Obstacles and setbacks are an inevitable part of life, especially in today's harsh and volatile economy. How can you take the very experiences that could stall or tumble a career and use them to build uncommon success?
Business people like Pete Dawkins, Harvey Mackay, Doris Christopher, and Walter Scott Jr. know that the answer to this question lies in firsthand knowledge of "The Adversity Paradox": working to overcome humble beginnings, lack of knowledge, unexpected setbacks, or any manner of misfortune can be the foundational step in a path to incredible achievement.
While many motivational business books promise easy access to prosperity and power by way of secret insight, quick and easy steps, or "insider tips" that are dubious at best, this book tells it straight. It offers candid accounts from those who have been tested by adversity and illustrates how they have put their misfortunes to good use by gaining business savvy from them.
The paths to success are diverse, but The Adversity Paradox identifies patterns that anyone can study and learn from.
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J. Barry Griswell is former chairman and chief executive officer of the Principal Financial Group. He is a 2003 recipient of the Horatio Alger Award, given to individuals who have achieved great success while overcoming difficult backgrounds. He is president of the Community Foundation of Greater Des Moines.
Bob Jennings is president of Lean Management Group, a consulting company focused on senior management methods and execution.Excerpt. © Reprinted by permission. All rights reserved.:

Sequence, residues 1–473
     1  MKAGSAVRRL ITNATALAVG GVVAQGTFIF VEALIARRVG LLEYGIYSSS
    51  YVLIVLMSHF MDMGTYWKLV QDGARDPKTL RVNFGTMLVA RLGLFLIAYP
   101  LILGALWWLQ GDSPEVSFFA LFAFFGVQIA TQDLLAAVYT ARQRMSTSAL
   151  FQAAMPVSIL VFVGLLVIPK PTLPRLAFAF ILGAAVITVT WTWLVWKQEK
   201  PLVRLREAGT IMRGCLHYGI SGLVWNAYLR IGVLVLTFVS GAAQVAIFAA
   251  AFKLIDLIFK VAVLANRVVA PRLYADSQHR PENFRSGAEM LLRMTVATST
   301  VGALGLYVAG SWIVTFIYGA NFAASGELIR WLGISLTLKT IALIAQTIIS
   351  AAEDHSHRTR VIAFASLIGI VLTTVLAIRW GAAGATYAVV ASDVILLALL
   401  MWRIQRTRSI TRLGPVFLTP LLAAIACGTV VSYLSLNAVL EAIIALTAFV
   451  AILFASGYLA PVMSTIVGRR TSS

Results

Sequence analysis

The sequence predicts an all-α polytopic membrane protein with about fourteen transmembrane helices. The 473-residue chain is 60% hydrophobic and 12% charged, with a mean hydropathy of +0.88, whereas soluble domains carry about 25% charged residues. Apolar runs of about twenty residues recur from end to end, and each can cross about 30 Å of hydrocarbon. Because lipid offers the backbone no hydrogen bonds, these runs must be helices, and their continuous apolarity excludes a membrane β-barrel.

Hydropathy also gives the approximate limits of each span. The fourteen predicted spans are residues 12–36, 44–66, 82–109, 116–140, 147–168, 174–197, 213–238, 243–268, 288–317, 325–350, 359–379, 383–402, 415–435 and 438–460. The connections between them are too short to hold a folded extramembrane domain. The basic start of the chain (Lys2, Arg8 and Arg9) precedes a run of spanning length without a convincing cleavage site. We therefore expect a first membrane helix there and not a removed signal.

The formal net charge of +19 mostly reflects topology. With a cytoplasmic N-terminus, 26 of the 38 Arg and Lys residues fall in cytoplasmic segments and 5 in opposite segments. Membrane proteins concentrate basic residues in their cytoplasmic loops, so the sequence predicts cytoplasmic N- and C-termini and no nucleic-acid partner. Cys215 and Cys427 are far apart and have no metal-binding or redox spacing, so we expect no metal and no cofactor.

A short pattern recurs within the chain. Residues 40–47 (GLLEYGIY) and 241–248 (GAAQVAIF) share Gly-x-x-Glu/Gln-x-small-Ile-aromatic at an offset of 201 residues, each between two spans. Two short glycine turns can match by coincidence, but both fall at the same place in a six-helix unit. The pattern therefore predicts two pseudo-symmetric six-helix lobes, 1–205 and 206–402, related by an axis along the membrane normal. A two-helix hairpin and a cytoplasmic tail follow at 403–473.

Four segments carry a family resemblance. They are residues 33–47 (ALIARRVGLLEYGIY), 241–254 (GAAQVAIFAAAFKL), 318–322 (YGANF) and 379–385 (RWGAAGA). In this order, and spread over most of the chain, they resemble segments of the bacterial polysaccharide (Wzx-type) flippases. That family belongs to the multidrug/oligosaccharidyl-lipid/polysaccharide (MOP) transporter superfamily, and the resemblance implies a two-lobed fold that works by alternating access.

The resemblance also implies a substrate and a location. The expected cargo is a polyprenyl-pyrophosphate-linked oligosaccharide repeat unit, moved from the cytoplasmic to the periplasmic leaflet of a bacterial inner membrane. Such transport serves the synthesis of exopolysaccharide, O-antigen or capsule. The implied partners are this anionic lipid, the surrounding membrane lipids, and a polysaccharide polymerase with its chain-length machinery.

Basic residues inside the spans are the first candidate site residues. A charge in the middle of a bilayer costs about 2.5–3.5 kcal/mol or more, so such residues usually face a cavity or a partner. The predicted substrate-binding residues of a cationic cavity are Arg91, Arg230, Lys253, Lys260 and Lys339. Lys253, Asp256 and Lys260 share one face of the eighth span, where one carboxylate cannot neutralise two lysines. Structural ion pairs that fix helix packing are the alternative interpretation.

What Is Business Savvy, Anyway? Business savvy is not something you're born with, nor is it something you inherit. But as we believe it is the key to business success, we start with the end in mind, defining what it is. Everyone you'll meet in The Adversity Paradox possesses phenomenal business savvy, and the spark that first set it off was a firsthand encounter in overcoming some sort of adversity. But what exactly is business savvy? The above definitions spell it out, but more simply, you might call it "business sense" or "business instinct," and you might say that those who possess it are "business smart" or just plain "successful." But we like "business savvy" because it neatly describes both the people who possess it and the acquired competencies they gain by befriending adversity. So before we talk about the adversity paradox, we're going to devote some time to examining business savvy in detail. This discussion will be the foundation for all that follows: a close look at how a wide variety of people overcame adversity and achieved great success, and how the lessons they learned from their experiences can help you do the same. So how much business savvy would you say you have? Enough to purchase an insolvent company with a dozen employees and grow it to a $100 million business, and pen some of the bestselling business books of all time? Enough to, despite having no business background whatsoever, start a business in your basement that goes on to become a household name, with sales of more than $700 million? Do you have enough business savvy to arrive in a new country with very little money, do whatever it takes to put yourself through school, and within a handful of years rise from an entry-level position to the top spot in the company? How about the kind of business savvy that takes you from an early life marked by poverty, a broken home, struggles with learning, and the lowest of expectations all the way to the executive suite? Or the kind of business savvy that enables you to carry an aviation company through the storm after 9/11, or the kind that makes it possible to pick yourself up after the sudden separation from a decades-long career and emerge with an even stronger and more fulfilling purpose? No matter what type of adversity life throws at you, do you have the wherewithal to resist giving up and to pursue your passion-driven goals all the way to their successful completion? Maybe not yet, but this book will introduce you to those who've acquired the insight the adversity paradox has to teach: Working to overcome humble beginnings, lack of knowledge, major unexpected setbacks, or any manner of misfortune that life throws your way may be the greatest tool for building business savvy you'll ever possess. The business leaders you'll meet in The Adversity Paradox have overcome all manner of adversity and used their experiences to create the business savvy that enabled them to attain unmatched levels of success. In short, they've found a way to befriend adversity and put it to work for them. They've turned failure on its head and have built successful careers and personal lives upon the very experiences most people work assiduously to avoid. Here's the thing about adversity: If you can make it your friend, you may find yourself in one of the most powerful and transformative situations that life has to offer. Of course we'd never advocate going out and seeking difficult circumstances in order to develop yourself or further your career, but the fact is setbacks are going to happen—certainly in the business world. An investment can go bad. An important employee or partner could desert you. A counted-on sale may go to your biggest competitor. An important deal could go upside down on you. But it's in how one deals with these unexpected misfortunes that separates those who fail from those who attain the top levels of success. Perhaps it's a sad fact, but success absolutely does not provide the impetus for improvement that adversity does. Say you just sold a new client, won a promotion or a pay raise, or gave a presentation that drew rave reviews. What's the result? High fives around the office, a pat on the back at home, or a toast over dinner. Sure, you should enjoy the well-deserved accolades, but be wary: In the face of success we can become complacent. It's far too easy to become too satisfied with our current performance and get a little lax on improving. In contrast, what happens after a failure or some personal heartache? Ideally we immediately analyze the situation to see what went wrong and we focus on what we could've done differently. No one likes to go through adversity, but faced with the right attitude, a difficult setback can be one of our most powerful catalysts for change. Adversity can provide the motivation and the determination to sharpen our skills and regain our focus, and that in turn has a direct positive impact on the creation of business savvy. If there's one thing we'd like you to take away from this book, it's the certainty that you always have a choice. No matter how terrible the setback—and in this book you'll meet some people who overcame "impossible" situations—you can make the choice to lie back and let adversity consume you, or you can face the situation head-on and work to make adversity your friend. Befriending adversity means not shying from it, but learning from it. It means not letting it defeat you, but laboring to overcome it, and even better, using what you learn from the experience to improve yourself. Those who've been tested by the fires of adversity and have passed the test emerge stronger, smarter, and savvier. Oddly enough, though the stories in this book are quite diverse, the attributes evinced by these business-savvy individuals are remarkably similar. That's because they've made certain core competencies—ones that consistently get superior results—part of their daily practice. Pause for a moment and think of the most successful business people you know. We'll bet they comprehend things quickly and are able to synthesize vast amounts of data and drill down to the salient points. They're naturally intuitive and can size up situations and people virtually on the spot through their ability to empathize with others' positions. They're resourceful and innovative in matters both practical and abstract, even visionary. They're knowledgeable and perceptive, and if they discover an information void, they act quickly to fill it. They act promptly but judiciously on information, and they exhibit wisdom and sound reasoning in matters large and small. But for people with business savvy borne of adversity, there is so much more to the story. The business leaders who've benefited from the adversity paradox are the ones who use the diagnostic skill of introspection to conduct honest self-assessments so as to make trajectory adjustments whenever necessary. They're the employees with outstanding personal values—values they never check at the company door. They're the ones with a superior work character, who often arrive at the office before everyone else and leave later—and love it. For them a job is never just the five days standing in the way of the weekend or the means to an easy retirement. These folks have found a purpose they're passionate about and have found a way to take the work out of work. They're the employees who nurture a thirst for knowledge that keeps them constantly abreast of the ever-changing world of business. Given such commendable core competencies and practices, it isn't surprising that those who've learned their lessons the hard way often go on to achieve enormous wealth as a result of their prodigious business savvy. Who comes to mind when you think of incredibly successful businesspeople? Richard Branson, Warren Buffett, Bill Gates, Wayne Huizenga, Oprah Winfrey? They're all good answers, and in fact every one of them has been listed in Forbes's March 2008 issue on billionaires. Winfrey's experiences of adversity are the best known: A female minority from an underprivileged background, she has become one of the country's most successful and admired businesspeople, with assets now reaching $2.5 billion. Like Winfrey, you can bet that every one of these business-savvy individuals has encountered adversity, overcome it, and used what they learned to maximize their business savvy. Adversity doesn't defeat them but propels them to succeed. Now, it's true that most of us will never achieve the level of success and fame that Oprah Winfrey and Warren Buffett have, but the good news about the adversity paradox is that anyone—yes, anyone—can learn how overcoming his or her own personal misfortunes can improve business savvy. This book is for the rest of us—the young worker with his foot on the bottom rung of the corporate ladder, the small business owner, the midlevel manager, or even the CEO who's interested in raising his overall performance. So let's meet a man whose life is an example par excellence of the adversity paradox in action. Like yours, his may not be a household name, but the kind of success he's achieved, both in business and in his personal life, is something to which we all aspire. Like many in America, he was an immigrant with many strikes against him. But like a select few, he overcame the adversities life dealt him and built his success upon the very misfortunes that stop most in their tracks. John Pappajohn <...